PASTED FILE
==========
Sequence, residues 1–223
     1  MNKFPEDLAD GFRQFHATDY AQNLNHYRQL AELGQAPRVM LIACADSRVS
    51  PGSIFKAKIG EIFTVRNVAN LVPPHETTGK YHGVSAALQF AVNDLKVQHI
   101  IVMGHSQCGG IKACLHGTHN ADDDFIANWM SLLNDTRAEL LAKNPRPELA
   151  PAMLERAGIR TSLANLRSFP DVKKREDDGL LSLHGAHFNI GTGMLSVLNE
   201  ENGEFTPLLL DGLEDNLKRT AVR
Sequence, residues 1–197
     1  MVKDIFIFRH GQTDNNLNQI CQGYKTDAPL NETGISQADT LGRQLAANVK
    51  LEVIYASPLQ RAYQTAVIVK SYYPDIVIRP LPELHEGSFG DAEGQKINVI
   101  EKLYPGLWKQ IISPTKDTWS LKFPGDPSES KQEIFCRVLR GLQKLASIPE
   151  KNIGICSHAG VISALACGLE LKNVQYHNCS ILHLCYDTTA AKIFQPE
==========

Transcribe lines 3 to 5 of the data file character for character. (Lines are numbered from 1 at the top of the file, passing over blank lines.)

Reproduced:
    51  PGSIFKAKIG EIFTVRNVAN LVPPHETTGK YHGVSAALQF AVNDLKVQHI
   101  IVMGHSQCGG IKACLHGTHN ADDDFIANWM SLLNDTRAEL LAKNPRPELA
   151  PAMLERAGIR TSLANLRSFP DVKKREDDGL LSLHGAHFNI GTGMLSVLNE